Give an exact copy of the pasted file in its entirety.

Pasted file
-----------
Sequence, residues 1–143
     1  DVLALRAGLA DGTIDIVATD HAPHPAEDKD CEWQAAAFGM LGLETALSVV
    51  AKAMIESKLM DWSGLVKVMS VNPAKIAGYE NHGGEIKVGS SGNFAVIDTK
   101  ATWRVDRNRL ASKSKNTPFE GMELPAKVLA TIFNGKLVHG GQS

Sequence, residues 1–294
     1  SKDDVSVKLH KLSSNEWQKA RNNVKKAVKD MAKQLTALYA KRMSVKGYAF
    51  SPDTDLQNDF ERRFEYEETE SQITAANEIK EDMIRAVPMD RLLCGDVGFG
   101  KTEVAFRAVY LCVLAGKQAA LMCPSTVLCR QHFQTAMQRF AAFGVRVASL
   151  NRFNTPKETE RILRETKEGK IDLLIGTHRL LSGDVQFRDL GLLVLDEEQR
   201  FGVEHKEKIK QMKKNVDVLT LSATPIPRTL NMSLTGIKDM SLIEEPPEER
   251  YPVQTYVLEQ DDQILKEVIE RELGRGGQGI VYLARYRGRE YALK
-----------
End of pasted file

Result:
Sequence, residues 1–143
     1  DVLALRAGLA DGTIDIVATD HAPHPAEDKD CEWQAAAFGM LGLETALSVV
    51  AKAMIESKLM DWSGLVKVMS VNPAKIAGYE NHGGEIKVGS SGNFAVIDTK
   101  ATWRVDRNRL ASKSKNTPFE GMELPAKVLA TIFNGKLVHG GQS

Sequence, residues 1–294
     1  SKDDVSVKLH KLSSNEWQKA RNNVKKAVKD MAKQLTALYA KRMSVKGYAF
    51  SPDTDLQNDF ERRFEYEETE SQITAANEIK EDMIRAVPMD RLLCGDVGFG
   101  KTEVAFRAVY LCVLAGKQAA LMCPSTVLCR QHFQTAMQRF AAFGVRVASL
   151  NRFNTPKETE RILRETKEGK IDLLIGTHRL LSGDVQFRDL GLLVLDEEQR
   201  FGVEHKEKIK QMKKNVDVLT LSATPIPRTL NMSLTGIKDM SLIEEPPEER
   251  YPVQTYVLEQ DDQILKEVIE RELGRGGQGI VYLARYRGRE YALK